August 16, 2019

The Turbulent History of Hurricane Terminology

Posted by: Emily Engle

The Turbulent History of Hurricane Terminology

 

Header photo: Overview of Hurricane Michael (2018), Retrieved from: kpbs.org

            The term “Hurricane” is derived from the Taino Native American people’s word “Huricán”, a term utilized to represent their culture’s god of evil. This Caribbean groups’ religious beliefs can be traced to originate in the Mayan god “Huracán”, the god of wind, storms, and fire. Spanish explorers traveling though the Caribbean retained the term and transformed it into “huracán”, the Spanish term for hurricane to this day. Thus, buried within our present terminology lies historical fear associated with these weather events. Given these storms’ vibrant etymology, one may wonder how individual cyclones are given names today. Here on Little Saint Simons, tropical storms have molded the island’s landscape and ecology; These longstanding effects are visible in the windswept winding cedar trees, twisted branches of the live oaks, and re-growing coastal dune plants. Historically, the Island has experienced effects from the Sea Islands Hurricane of 1893, the Cedar Keys hurricane of 1896, the Georgia Hurricane of 1898, Hurricane David in 1979, Matthew in 2016, Irma in 2017, and hurricane Michael this past year. These storms share in their power and impacts; however, they differ in their nomenclature: at what point did identifying terminologies shift from approximate locations to personified names? Further, who decides what to name a storm, and how did this labeling process come to be universal for our Atlantic cyclones? The art of hurricane terminology is complex in nature, took decades to gain universal acceptance, and remains of upmost relevance to Atlantic Barrier residents and visitors to this day.

 


Clement Wragge, meteorologist credited with giving tropical storms personified names. Retrieved from: media.bom.gov.au
 

            The terms hurricane, typhoon, and cyclone are used throughout the world to identify the same storms which haunt seaside cities. They differ only in their location of origin and formation: Hurricanes’ in the North Atlantic and Northeast Pacific; Cyclones over the South Pacific and Indian Ocean; and Typhoons over the Northwest Pacific. For centuries tropical cyclones were named after places, saints, or things which they hit; hence the name of “The Georgia Hurricane” in 1898. Our present-day naming system was coined in 1887 by Queensland Government Meteorologist Clement Wragge. Wragge saw a need for clear storm identifications as they needed to be in a form easily retainable and recognizable for the public. As a result, he began using more common naming terms for weather systems in Australia, New Zealand, and Antarctica. His nomenclature began labeling cyclones with letters of the Greek alphabet as well as female names from Greek and Roman mythology. Following the Australian Government’s failure to create a federal weather bureau and appoint Wragge as director, he began naming storms after political figures. Thus, out of bitter pettiness, our modern labeling system was born. In 1907, following Wragge’s retirement, this terminology was lost until World War II when it was revived for use in the Western Pacific.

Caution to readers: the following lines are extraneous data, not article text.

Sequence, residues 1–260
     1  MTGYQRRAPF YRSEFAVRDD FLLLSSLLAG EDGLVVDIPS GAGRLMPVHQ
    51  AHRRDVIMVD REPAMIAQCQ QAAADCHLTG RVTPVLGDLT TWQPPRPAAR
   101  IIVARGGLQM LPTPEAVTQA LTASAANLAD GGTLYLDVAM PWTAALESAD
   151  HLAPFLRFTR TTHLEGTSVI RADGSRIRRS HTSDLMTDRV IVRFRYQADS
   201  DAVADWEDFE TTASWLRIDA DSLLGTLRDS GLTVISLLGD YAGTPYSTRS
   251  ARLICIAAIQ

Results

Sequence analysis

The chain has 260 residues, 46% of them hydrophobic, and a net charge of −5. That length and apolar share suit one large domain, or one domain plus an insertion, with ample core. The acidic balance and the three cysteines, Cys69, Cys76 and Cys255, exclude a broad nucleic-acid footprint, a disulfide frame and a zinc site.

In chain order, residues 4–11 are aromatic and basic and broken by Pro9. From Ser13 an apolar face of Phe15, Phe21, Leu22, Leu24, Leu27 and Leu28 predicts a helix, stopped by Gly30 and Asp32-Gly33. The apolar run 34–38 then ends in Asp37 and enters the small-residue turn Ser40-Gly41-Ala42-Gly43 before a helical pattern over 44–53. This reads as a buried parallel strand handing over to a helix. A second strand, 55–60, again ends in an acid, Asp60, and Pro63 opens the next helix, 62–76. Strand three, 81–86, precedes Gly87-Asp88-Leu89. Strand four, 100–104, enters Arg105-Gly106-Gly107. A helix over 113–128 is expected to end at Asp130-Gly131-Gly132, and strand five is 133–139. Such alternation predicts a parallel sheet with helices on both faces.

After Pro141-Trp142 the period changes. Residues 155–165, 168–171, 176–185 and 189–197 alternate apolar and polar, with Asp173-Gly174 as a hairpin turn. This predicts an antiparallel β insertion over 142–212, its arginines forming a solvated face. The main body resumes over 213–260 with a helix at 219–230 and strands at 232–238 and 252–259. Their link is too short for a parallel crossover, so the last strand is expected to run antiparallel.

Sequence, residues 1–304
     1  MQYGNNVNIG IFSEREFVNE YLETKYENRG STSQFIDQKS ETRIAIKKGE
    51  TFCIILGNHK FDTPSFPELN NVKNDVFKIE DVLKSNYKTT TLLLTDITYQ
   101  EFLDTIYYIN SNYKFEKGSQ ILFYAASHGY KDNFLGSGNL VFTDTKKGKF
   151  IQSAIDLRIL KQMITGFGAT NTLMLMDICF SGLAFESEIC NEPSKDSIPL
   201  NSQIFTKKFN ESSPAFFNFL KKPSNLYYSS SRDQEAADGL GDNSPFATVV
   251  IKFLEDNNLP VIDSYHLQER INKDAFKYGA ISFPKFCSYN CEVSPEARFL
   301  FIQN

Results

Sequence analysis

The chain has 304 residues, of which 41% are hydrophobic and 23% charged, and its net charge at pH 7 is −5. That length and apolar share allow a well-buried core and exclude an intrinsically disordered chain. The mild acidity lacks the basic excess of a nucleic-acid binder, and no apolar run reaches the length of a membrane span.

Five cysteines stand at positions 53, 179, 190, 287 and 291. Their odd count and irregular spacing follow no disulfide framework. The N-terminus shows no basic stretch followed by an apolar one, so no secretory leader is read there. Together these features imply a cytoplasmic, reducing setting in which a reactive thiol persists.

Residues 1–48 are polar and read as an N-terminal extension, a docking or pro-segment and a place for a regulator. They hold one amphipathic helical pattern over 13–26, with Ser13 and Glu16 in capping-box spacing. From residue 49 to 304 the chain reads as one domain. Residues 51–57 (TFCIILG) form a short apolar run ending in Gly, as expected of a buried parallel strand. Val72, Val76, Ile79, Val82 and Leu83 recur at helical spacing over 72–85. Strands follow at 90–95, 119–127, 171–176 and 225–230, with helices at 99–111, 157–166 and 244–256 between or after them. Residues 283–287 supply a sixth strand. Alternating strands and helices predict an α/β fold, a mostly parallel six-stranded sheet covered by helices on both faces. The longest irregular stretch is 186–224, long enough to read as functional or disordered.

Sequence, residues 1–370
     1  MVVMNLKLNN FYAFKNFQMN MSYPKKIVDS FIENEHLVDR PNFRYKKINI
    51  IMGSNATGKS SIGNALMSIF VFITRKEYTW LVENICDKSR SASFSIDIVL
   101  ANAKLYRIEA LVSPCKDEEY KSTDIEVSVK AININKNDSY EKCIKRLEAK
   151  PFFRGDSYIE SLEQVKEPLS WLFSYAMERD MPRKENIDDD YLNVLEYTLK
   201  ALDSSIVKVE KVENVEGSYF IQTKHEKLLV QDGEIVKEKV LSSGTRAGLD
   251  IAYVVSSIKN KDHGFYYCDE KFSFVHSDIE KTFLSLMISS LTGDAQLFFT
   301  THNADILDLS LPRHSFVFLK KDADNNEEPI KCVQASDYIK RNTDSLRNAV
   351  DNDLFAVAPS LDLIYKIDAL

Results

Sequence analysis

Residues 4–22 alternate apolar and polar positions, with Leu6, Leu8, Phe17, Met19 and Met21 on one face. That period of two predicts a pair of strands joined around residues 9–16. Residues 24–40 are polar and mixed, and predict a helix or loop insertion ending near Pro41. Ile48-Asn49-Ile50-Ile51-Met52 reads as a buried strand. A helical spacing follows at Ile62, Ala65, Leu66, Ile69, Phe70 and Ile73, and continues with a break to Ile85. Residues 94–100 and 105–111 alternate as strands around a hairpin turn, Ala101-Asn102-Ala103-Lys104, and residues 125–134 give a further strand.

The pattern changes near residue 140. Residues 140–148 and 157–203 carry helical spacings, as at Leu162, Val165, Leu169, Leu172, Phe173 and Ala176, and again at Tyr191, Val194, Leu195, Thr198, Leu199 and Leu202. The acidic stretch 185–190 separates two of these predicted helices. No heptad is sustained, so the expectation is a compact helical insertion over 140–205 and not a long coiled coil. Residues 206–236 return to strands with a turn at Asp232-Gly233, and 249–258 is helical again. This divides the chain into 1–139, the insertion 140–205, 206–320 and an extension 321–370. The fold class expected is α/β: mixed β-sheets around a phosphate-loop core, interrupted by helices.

During the Second World War US Army Air Corps and US Navy meteorologists stationed at the Saipan weather center began to informally name typhoons after their wives and girlfriends. This naming system reduced confusion in map discussions and in 1945, resulted in the US Armed Services publicly adopting a list of female names for typhoons in the Pacific. Contrarily, the US Weather Bureau opposed the use of names to identify storms. Rather, they opted to use the Joint Army/Navy Phonetic Alphabet to label tropical storms in the North Atlantic out of fear casual names may compromise their image as a serious enterprise. However, this system resulted in mass confusion as several hurricanes (Baker, Dog, and Easy) simultaneously struck the coast in 1950. This persuaded the Bureau to eventually adopt a list of female names for labeling in 1953. This terminology faced minor backlash, as some opposed the use of solely women’s names. However, the public overwhelmingly supported this clear new nomenclature usage to convey storm threats rather than the seemingly random terms of the Phonetic Alphabet.

            In 1977 the World Meteorological Association formed a hurricane committee which took responsibility of the Atlantic hurricane naming lists. At the request of Secretary of Commerce Juanita Kreps in 1978, the committee began including both men and women’s names in the lists utilized to label of Atlantic storms. Additionally, these name selections included several Spanish and French names as to reflect the diverse cultures and languages of the Atlantic.

Today the World Meteorological Organization uses male and female names for each letter of the alphabet (excluding Q and U) for each hurricane season. These lists of names are rotated every six years. If more storms occur than the 24 allotted labels, the organization will utilize Greek letters to identify subsequent storms. Additionally, names will be retired if their associated damage and casualties are considered to surpass a threshold of significance. In the context of global climate change, weather events will inevitably become more common, if not more severe. Fortunately, Little Saint Simons has not been directly hit by a storm since 1898 and the island has protocols in place to prepare for less favorable weather. Despite a complex history behind hurricane names it is imperative that all of us along the Atlantic seaboard remain aware as we make our way through this summer and fall season.

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